Purchasing cooperatives for small employers: performance and prospects. (6/58)

Health insurance purchasing cooperatives were established in the early to mid-1990s for the purpose of making health insurance more affordable and accessible for small employers. Extensive interviews at six cooperatives reveal that while some cooperatives enrolled large numbers of small employers, most have won only small market shares and a number have struggled for survival, not always successfully. They have allowed small employers to offer individual employees choice of health plans, but none has been able to sustain lower prices than are available in the conventional market. Among the important impediments to their success are limited support from health plans and conflicts over the role of insurance agents.  (+info)

The Internet and managed care: a new wave of innovation. (7/58)

Managed care firms have been under siege in the political system and the marketplace for the past few years. The rise of the Internet has brought into being powerful new electronic tools for automating administrative and financial processes in health insurance. These tools may enable new firms or employers to create custom-designed networks connecting their workers and providers, bypassing health plans altogether. Alternatively, health plans may use these tools to create a new consumer-focused business model. While some disintermediation of managed care plans may occur, the barriers to adoption of Internet tools by established plans are quite low. Network computing may provide important leverage for health plans not only to retain their franchises but also to improve their profitability and customer service.  (+info)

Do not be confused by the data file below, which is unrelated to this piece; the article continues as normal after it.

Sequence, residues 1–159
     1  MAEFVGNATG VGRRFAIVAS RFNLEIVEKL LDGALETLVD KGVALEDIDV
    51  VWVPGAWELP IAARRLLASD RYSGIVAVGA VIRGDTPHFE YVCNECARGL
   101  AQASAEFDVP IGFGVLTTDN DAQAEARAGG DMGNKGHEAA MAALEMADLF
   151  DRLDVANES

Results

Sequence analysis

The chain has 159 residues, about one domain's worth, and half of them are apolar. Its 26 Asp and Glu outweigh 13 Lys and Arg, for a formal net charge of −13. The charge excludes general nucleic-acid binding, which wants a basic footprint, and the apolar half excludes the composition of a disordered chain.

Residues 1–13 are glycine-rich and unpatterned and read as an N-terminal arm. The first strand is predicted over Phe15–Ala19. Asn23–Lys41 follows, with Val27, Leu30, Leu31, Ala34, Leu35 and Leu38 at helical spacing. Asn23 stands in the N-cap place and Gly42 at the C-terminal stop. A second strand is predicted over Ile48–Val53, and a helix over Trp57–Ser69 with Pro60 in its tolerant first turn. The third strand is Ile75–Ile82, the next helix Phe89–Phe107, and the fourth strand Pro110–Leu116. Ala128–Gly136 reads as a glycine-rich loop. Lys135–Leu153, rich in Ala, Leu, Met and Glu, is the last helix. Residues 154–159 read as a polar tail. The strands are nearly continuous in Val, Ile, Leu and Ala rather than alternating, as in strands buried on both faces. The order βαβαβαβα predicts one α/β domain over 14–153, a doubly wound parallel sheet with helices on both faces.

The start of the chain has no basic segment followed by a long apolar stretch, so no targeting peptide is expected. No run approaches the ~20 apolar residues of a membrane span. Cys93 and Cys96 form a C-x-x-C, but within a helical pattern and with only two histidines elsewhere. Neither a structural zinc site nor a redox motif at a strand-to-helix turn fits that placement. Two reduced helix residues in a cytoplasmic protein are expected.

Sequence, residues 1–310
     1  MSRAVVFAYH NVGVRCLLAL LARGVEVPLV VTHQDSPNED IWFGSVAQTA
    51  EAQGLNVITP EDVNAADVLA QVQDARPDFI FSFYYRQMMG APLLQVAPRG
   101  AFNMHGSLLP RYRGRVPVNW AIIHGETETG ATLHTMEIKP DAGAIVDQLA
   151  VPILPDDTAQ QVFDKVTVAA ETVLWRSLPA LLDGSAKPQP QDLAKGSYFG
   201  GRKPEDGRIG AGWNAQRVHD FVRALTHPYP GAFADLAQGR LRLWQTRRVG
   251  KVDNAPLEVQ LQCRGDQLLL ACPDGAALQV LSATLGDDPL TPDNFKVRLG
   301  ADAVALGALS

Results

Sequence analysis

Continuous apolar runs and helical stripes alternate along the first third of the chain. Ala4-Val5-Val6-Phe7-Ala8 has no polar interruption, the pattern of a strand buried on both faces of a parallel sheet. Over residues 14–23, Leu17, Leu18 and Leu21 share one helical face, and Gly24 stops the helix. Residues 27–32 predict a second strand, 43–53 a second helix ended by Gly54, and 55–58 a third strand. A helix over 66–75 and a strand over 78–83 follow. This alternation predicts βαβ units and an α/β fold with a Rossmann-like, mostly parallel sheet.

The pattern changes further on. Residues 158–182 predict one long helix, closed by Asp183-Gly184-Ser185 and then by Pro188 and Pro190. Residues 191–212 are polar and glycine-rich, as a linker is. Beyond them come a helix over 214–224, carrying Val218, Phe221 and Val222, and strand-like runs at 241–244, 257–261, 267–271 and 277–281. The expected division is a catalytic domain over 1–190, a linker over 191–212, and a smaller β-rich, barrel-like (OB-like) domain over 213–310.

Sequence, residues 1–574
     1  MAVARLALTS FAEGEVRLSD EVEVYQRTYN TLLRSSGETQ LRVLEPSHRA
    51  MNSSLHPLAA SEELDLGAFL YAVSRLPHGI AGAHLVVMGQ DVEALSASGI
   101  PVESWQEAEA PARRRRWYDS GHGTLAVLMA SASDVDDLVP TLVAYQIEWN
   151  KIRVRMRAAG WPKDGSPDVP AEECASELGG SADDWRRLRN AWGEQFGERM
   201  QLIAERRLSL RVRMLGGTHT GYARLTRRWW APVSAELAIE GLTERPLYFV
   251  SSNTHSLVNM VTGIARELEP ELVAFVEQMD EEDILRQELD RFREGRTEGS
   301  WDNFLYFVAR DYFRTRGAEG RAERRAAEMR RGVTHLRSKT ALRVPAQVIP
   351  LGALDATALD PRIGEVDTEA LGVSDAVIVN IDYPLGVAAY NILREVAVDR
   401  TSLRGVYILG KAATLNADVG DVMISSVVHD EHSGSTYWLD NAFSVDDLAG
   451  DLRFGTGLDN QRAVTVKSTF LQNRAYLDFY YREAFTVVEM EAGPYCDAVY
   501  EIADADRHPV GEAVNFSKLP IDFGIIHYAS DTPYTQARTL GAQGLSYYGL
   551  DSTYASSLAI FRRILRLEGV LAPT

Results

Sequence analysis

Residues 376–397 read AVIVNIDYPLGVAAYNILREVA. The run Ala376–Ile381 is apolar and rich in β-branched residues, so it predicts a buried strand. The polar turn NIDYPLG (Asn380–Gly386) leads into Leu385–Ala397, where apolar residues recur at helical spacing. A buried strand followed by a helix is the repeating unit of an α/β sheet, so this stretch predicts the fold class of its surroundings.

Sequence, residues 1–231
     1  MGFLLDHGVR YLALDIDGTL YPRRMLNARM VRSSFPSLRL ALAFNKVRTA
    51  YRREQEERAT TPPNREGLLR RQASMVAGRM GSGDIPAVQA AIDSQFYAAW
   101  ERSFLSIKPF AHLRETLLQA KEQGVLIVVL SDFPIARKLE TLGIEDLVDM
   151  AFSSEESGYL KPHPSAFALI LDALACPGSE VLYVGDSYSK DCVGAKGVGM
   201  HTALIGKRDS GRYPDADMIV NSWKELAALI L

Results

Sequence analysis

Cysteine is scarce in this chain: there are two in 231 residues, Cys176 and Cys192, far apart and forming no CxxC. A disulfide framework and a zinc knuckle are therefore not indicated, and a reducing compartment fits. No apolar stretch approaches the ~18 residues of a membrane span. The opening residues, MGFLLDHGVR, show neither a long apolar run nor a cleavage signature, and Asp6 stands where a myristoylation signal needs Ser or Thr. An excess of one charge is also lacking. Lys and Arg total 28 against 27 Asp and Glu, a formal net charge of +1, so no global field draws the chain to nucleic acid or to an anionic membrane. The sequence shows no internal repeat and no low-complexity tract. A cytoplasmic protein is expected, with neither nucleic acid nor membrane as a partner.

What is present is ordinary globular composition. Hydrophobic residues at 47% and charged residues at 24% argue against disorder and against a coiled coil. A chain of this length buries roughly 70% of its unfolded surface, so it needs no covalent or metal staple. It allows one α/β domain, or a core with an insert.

HealthMarts, HIPCs (health insurance purchasing cooperatives), MEWAs (multiple employee welfare arrangements), and AHPs (association health plans): a guide for the perplexed. (8/58)

This paper considers how pending proposals to authorize new forms of group purchasing arrangements for health insurance would fit and function within the existing, highly complex market and regulatory landscape and whether these proposals are likely to meet their stated objectives and avoid unintended consequences. Cost savings are more likely to result from increased risk segmentation than through true market efficiencies. Thus, these proposals could erode previous market reforms whose goal is increased risk pooling. On the other hand, these proposals contain important enhancements, clarifications, and simplification of state and federal regulatory oversight of group purchasing vehicles. Also, they address some of the problems that have hampered the performance of purchasing cooperatives. On balance, although these proposals should receive cautious and careful consideration, they are not likely to produce a significant overall reduction in premiums or increase in coverage.  (+info)